“That’s true, but…” Beri gave Lieder a sad look. “But I know you’d never punish me for insubordination. That means I was never doing this because of someone else’s authority. Like he said, I volunteered, I’m not here out of obedience. I’m here because a professional believes it’s in your best interest.”


“Your death is not in my best interest, Beri, The standard I set for myself has never had an effect on how I treat other people. How would you dying accomplish anything?”

“That could be true, but I’m not equipped to know. All I do know is that if there’s any proof that members of the Peerage are better than Sapients, you are that proof. I’d sooner die than let his predictions of your suicide come true.”


“This isn’t as simple as it seems, Cyril! I’ve lived a long and complex life, you can’t confine the circumstances that led me to my convictions to a simple label! It’s true, my problems are buried under layers upon layers of concrete, but applying the trauma required to excavate them in one blow would destroy me!”


“The quickest solution isn’t always the best one!” Lieder shouted, desperate. “If your theory has logic behind it, you’ll eventually be able to make me understand with simple reasoning. Don’t be in such a hurry; the faster your heart beats, the shorter your lifespan.”


“You have the brains, think this through!” Lieder pleaded. He had analyzed the room: the distance and flow of air would allow him to hit even a small target with precision, but the result would still be profoundly unpleasant. “You’re one count away from your ignorance killing you, Cyril.”

“Thank you, Carl Flappycheeks,” Beri bid her farewell with sadness. “That nickname dies with me, but it was still an honor to serve him.”


Lieder pulled the trigger, prompting the almost-simultaneous claps of a miniature sonic boom and the projectile’s impact against the wall behind Cyril.

Lieder stared in wide-eyed horror; he had hit his target, but he had also made a grave miscalculation. On instinct, he’d estimated the power of this weapon by its size and weight. That estimation was very wrong.

The forearm and hand on Cyril’s left side were no longer connected. The wrist had been disintegrated by the bullet, allowing the hand and syringe to fall to the ground near Beri’s knees.

The three of them were silent for several moments. Cyril stared in astonished horror at his shortened arm.

“You actually shot…” he mumbled.

Lieder gritted his teeth and reached for his expander. This was very bad. Cyril could still be saved, but even though Triage was close, there was no telling how long he could withstand the psychological and circulatory shock.

“A freak accident,” Cyril said softly, his whole body quivering. “It was a bluff, you didn’t even want to hit me. Just scare me. It would be wrong to stop just because of this.”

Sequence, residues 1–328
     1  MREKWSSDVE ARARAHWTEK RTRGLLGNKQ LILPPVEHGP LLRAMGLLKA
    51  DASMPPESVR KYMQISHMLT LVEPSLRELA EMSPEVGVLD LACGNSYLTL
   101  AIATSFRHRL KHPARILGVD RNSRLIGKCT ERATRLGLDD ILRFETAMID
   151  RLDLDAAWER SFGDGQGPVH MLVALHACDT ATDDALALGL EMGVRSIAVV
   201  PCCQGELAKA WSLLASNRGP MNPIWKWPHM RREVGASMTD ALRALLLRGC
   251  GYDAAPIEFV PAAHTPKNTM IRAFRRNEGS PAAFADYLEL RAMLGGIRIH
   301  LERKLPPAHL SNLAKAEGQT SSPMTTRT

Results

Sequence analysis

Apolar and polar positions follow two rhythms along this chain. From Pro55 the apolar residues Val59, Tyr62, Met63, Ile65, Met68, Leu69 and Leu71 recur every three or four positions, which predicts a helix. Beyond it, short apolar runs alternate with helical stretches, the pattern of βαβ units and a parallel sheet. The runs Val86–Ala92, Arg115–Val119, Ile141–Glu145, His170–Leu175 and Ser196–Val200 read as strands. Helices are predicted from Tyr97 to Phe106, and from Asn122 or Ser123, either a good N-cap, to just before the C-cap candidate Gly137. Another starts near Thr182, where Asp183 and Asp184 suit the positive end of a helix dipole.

He stepped towards the fallen syringe and stooped down to pick it up.

“Stop, you moron, you’re hypovolemic!” Lieder cried, simultaneously opening his expander and retraining his gun on Cyril. “The more you move around, the quicker you’ll bleed out.”

“Don’t change the subject, Lieder!” Cyril’s voice was rife with anguish. “Nothing has changed, this needs to happen!”

“I’ll shoot to kill this time!” Lieder warned. He initiated the call he’d programmed beforehand. “Drop the syringe and let Triage save you.”

“You’re calling them, right? I won’t move much more, just enough to deliver the injection…”

            He was right, before, but not in the regard he wanted to be.

Cyril had placed the syringe back against Beri’s neck. Even in his traumatized state, it would take only fractions of a second to find the vein and inject the lethal fluid.

Still, he believes his own words. He’ll accept this judgment.

Without heed to where he was aiming, Lieder pulled the trigger.

            Cyril fell backward, the force of the blow enough to lift him off his feet. Again, the distinct sound of distant impact could be heard against the far wall. The bullet had barely slowed in its passage through Cyril’s chest.

The door into Beri and Cyril’s half of the room slid open and the Triage unit flooded in, rushing towards Cyril without a hint of hesitation.

            Lieder lowered his gun hand to rest at his side. His entire body trembled, and tears streamed from his eyes.

He’d seen the ballooning tendency of the faux pas countless times. He’d realized that four centuries would create more opportunity for such blunders than the gaps between cultures of his time.

He’d known that all the adapting he’d done to his old environment had followed him into this new one. He’d acknowledged that his borderline-paranoia would be antiquated in peacetime. He’d recognized the specific quirks of his personality that would clash with the new world order.

He’d conditioned himself to never hesitate when he felt the adrenaline pinching. He’d reminded himself that any human that has killed once is prone to killing again. He’d predicted the danger of the old man’s ghost bloodying the hands of this child that he’d possessed.

The cartoon character on Lieder’s shirt had disappeared; in its place were two lines of text.

My vital signs indicate a dangerous condition.

Contact Triage immediately, I need help!

Lieder fell to his knees. His body went limp and slumped backward, contorting into a shape that stretched his tissues in ways that would have been unbearable, if he was capable of feeling pain.

You have always known that this is your duty.

Lieder hated being right.



The End